I was in beautiful beautiful Montreal for six nights last week…
November 14th, 2013

I was in beautiful beautiful Montreal for six nights last week, before heading to Toronto for another four. Growing up in Montreal I was taught that Toronto was a far inferior city, devoid of edge, culture, and attitude. That might have been somewhat true then, but things have changed. Montreal is still more interesting in so many ways. Bars stay open late, the streets are always alive, the poutine is vastly superior, and the women are gorgeous. The Toronto of today, however, is larger, intensely diverse, architecturally interesting and confused, and rich with ethnic restaurants, neighbourhoods, and shops. Montreal is always welcoming—a city of views. Toronto is a nice place to visit—and it now hosts one of the most bizarre spectacles of modern-day politics, the Rob Ford show. Throughout my stay in both cities I was totally transfixed by the day-to-day unfolding of that strange, sad narrative—a mayor out of control, emptying his addled mind in real time, on air, with the world’s cameras pointed directly at his enormous head. As I write this, the story keeps rolling, the mayor still performing random acts of candor, shocking candor. It’s hard to know whether the guy actually lacks a filter or knows that not using one gets him more attention, which he obviously craves. I remain totally transfixed by the show, as do millions of people who are tuned in around the globe. It’s not every day you see a public figure flaming crazy before your very eyes.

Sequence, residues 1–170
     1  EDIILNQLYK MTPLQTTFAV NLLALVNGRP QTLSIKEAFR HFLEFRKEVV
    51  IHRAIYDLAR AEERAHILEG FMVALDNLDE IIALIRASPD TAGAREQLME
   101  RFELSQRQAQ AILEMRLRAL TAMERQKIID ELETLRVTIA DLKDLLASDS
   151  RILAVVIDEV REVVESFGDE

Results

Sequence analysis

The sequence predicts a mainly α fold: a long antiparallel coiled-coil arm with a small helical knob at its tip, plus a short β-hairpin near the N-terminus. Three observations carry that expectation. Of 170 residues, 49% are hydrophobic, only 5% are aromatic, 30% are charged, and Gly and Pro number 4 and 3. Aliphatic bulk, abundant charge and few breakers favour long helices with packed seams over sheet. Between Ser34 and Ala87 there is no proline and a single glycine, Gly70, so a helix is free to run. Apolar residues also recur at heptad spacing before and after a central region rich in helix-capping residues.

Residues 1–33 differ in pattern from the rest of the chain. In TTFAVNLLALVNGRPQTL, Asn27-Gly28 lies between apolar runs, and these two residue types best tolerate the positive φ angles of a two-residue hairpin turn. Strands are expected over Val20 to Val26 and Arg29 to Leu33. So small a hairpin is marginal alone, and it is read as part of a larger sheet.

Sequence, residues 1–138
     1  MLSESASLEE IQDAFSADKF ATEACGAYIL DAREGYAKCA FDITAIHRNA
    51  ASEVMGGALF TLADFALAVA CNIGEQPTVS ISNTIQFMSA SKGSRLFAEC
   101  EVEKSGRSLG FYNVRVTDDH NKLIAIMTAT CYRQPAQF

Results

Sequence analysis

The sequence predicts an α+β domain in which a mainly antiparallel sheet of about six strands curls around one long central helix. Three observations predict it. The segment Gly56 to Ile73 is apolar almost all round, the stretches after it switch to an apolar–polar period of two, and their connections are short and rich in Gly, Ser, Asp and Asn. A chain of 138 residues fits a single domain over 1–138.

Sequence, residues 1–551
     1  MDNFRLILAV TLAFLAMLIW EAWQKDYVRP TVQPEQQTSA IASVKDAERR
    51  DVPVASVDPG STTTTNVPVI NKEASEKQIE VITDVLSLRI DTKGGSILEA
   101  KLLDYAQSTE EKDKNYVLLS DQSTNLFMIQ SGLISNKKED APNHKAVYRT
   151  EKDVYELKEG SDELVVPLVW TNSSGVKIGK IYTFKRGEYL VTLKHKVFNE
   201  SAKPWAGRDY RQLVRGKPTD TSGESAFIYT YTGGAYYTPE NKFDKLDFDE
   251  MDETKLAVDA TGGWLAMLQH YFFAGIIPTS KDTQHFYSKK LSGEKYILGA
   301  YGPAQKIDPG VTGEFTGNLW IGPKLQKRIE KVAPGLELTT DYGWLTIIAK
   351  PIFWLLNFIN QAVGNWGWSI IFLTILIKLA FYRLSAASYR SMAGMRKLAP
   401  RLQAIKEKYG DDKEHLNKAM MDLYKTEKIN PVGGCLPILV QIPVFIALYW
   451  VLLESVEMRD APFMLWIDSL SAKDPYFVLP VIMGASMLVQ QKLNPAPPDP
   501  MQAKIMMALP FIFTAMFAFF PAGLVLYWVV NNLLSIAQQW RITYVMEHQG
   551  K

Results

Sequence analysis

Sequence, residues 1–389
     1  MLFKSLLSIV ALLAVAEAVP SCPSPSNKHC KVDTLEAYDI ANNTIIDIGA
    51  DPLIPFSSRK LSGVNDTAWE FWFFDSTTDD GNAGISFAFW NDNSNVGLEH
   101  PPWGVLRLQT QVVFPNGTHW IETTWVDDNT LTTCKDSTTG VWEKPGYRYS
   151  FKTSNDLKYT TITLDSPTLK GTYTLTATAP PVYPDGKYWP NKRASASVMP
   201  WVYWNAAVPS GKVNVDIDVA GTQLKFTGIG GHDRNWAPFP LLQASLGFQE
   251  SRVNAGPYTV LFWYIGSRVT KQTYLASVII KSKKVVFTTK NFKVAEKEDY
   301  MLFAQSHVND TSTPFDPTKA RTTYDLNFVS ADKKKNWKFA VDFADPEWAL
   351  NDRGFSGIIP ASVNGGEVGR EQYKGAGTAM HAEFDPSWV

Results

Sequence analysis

Much more serious and sensible were the meetings I attended in both cities. In Montreal, about 250 of us from across the country participated in the 51st annual Canadian Association for Graduate Schools conference.  Deans, admin staff and students gathered to talk trends, compare practices, share budget woes, and listen to keynote speakers advise and provoke. By all accounts it was a really fruitful conference, even including the town hall meeting between deans and students. The latter group, essentially representing themselves and no one specific organization, dominated the microphone with the familiar mantra: lower or no tuition. This is not a topic about which deans really have any control, but it’s not clear students always understand that. The problem is not so much what the almost all-male grad student reps said; it’s how they said it. You would think the deans in the room had no clue about graduate experience, or were indifferent to it. Give me a break. As moderator, I said that there wasn’t a dean in the room who didn’t wish s/he had more money to support students—indeed, we spend most of our time on the job defending and arguing the case for more graduate student support. But the self-assured tone of the students, the patronizing manner in which they one-by-one repeated their refrain and stated their case as victims, the whole attitude of superiority in their expression really undermined their cause. They might have wondered why very few deans got up to speak in the space of an hour and half. But we all knew why this was so. A little more respect and openness, a lot less self-righteous smugness would have gone a long way to opening up a dialogue. What graduate student wants to be told any of this—that they are suffering from youthful arrogance, or naiveté? To be fair, many of us could probably recognize, with wincing self-awareness, younger versions of ourselves in many of those comments. Come talk to us in ten years, when you have finished your programs and are well in stride in your jobs. Let’s compare memories then, with mutual respect and a deeper awareness of just how complicated human relations are. Anyhow, all of that was a kind of theatre, too—a chance to see some young men strut their stuff, more for each other than for deans, for sure. Some social behavior just has to live itself out. Thank goodness for experience which gives one the long view, helps perspective, softens some of the edges.